Typically, each front-office benefit is the flipside of a back-office coin. When your partner provides you with a channel benefit, you’re simultaneously providing them with a capability. When you provide someone with a supply benefit, their adoption of your assets is providing you with an ecosystem benefit. These are strategic advantages which should be considered, and carefully leveraged in your organization – independent of any direct financial benefit accruing from the partnership.
The Financial Dimensions of a Healthy Partnership
To be sustainable, a partnership needs to provide both strategic and financial benefits to both parties. Now and again, I’ve seen partnerships where the strategic benefits outweigh financial considerations – but in my experience, those are usually rare and typically unsustainable in the long run.
At its most basic level, the financial structure of a healthy partnership boils down to two essential questions: Who pays whom? And how much?
In my experience, healthy partnerships in the insight industry are often structured around six possible models:
Revenue-sharing and JVs are natural structures for partnerships based on channel and capability. They make it possible for the partners to both share in the risk and the benefits from the partnership.
The Sale model is often applicable for supply partnerships. For the partner with the assets, it might seem attractive at first. After all, any new client is a good client, right? But I always try to caution clients about this mindset for two key reasons: First, by thinking of such a relationship as just another sale, the supplier might be leaving money and strategic value on the table. And second, if your client/partner in the relationship thinks of you as “just another vendor” then you increase the likelihood that at some point you will get swapped for a competitor – further limiting your future benefits.
While the buyer/vendor relationship may be a good one for supply-based partnerships, I typically advise clients to at least consider the other models, as revenue-sharing and JV structures enable sharing of both benefits and risk, and Stake/Sale models make it possible to share in benefits while providing a hedge against risk.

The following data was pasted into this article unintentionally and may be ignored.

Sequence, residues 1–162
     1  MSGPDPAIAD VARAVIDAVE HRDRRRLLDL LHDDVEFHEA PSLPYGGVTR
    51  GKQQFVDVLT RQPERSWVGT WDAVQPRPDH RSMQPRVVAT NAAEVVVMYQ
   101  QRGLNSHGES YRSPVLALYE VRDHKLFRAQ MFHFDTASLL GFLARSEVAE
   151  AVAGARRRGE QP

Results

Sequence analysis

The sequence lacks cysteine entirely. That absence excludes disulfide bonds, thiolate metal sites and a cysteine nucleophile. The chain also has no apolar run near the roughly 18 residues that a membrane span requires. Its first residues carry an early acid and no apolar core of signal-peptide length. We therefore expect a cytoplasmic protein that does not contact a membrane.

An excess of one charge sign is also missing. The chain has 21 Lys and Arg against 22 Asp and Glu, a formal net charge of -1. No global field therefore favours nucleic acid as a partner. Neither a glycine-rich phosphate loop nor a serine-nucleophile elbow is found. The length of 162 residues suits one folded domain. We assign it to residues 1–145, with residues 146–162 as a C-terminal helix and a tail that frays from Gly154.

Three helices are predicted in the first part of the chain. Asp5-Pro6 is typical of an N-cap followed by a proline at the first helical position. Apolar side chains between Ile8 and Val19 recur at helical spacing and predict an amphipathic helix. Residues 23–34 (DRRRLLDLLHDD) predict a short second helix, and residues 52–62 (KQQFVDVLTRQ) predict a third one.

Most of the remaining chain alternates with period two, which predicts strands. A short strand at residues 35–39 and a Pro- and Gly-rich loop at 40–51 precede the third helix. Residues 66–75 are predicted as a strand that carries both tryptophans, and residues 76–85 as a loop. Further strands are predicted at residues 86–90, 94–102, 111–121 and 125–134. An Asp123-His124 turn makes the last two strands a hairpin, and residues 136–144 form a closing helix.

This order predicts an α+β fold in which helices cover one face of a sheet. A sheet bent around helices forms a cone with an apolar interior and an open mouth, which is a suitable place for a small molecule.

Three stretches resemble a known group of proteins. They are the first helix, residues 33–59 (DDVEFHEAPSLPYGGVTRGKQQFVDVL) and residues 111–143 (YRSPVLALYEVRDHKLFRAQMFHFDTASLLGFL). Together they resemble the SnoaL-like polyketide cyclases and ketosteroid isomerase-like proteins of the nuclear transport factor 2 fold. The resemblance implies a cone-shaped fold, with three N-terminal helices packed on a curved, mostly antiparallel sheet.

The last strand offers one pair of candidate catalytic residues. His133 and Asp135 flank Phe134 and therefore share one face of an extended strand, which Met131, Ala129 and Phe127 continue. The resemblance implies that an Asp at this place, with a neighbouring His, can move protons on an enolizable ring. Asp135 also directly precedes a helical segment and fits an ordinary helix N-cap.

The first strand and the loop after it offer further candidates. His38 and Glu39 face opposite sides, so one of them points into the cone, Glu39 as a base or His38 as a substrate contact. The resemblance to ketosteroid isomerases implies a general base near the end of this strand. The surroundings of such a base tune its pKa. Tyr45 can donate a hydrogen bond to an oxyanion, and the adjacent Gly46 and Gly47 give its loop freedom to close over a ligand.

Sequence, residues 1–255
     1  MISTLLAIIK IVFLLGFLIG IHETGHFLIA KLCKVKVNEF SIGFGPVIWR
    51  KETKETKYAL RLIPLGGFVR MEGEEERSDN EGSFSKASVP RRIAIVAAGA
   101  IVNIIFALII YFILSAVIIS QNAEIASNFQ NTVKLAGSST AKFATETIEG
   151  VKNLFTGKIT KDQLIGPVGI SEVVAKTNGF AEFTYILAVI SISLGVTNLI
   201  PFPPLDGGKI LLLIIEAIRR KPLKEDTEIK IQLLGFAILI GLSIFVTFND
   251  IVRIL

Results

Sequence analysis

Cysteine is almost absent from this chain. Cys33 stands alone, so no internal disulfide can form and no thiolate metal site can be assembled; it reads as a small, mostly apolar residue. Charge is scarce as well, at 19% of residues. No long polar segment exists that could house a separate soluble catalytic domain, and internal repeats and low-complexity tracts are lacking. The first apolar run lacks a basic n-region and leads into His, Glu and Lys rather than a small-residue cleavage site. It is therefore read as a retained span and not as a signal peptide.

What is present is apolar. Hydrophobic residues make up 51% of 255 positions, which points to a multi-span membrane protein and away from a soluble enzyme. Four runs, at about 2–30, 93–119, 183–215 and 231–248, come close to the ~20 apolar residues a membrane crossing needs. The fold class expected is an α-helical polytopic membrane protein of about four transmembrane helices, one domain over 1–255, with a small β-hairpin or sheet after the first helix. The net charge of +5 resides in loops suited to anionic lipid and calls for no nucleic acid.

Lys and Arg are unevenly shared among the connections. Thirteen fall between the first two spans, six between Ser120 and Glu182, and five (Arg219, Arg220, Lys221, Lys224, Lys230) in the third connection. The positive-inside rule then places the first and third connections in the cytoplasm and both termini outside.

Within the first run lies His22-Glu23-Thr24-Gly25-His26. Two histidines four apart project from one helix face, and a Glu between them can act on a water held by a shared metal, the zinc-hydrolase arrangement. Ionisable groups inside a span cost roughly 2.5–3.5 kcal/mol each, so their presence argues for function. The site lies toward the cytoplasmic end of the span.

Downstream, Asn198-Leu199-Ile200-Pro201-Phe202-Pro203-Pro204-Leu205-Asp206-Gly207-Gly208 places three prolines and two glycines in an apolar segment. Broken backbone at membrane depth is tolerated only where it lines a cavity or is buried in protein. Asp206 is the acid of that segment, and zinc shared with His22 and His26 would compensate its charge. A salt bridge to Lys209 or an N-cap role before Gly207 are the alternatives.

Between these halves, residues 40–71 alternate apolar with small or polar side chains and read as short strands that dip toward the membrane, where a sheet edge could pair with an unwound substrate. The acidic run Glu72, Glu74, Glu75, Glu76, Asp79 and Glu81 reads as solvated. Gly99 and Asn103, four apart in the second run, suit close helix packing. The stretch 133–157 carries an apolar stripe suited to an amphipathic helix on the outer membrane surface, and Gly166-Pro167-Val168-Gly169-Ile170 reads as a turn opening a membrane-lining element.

Finally, Cash-Neutral structures are often rare beasts in the industry, and typically are only sustainable in ecosystem-focused partnerships where partners work towards mutual gain (e.g. through setting of standards).
Bringing Partnerships Together
All of these different models can work in concert, and should provide a solid foundation for your partnership strategy. In the ten years I spent building Gemius S.A. into one of the world’s largest web audience measurement companies, we relied on a holistic combination of these approaches when entering new markets.
In many of the countries we entered, I would start by identifying the most likely competitor in the marketplace, with a slight preference towards companies whose online audience measurement capabilities were technically and methodologically weaker than ours.
Typically, these competitor/partners already had a strong presence in the local audience measurement market (for example, MediaResearch A.S. (now Nielsen Admosphere) was the television currency in the Czech Republic, Ipsos Szonda was the TV, radio, and print currency in Hungary, Valicon was the print currency in Slovenia, etc.). This meant they had relationships with media sellers and media buyers in their local markets, making them ideal channel partners for us.
Furthermore, as established research businesses in their markets they brought supply assets to the table (e.g. existing studies that could serve as structural/establishment surveys in the marketplace) or capabilities (know-how, infrastructure, process) in conducting local research.
Meanwhile, Gemius brought its sophisticated online audience measurement capabilities (methodology, technology, multinational experience, etc.) to the table, which in turn helped our local partner/competitors leapfrog other competition without needing to the invest millions of dollars (and years of development effort).
And both partners brought their experience, credibility, and philosophies to the table, helping to provide Ecosystem benefits that helped everyone.
These partnerships – some of which are still going strong today, over a decade after they were initially developed – were key to both partners’ success. And that is because they were structured with an understanding and respect of the value each partner brought to the table, and because both partners invested heavily in building a healthy, productive working relationship (i.e. constructively working through problems and challenges as they arose).
I’d love the chance to discuss how you’re approaching partnerships your business might benefit from partnerships, or to help you build a more robust partnership strategy: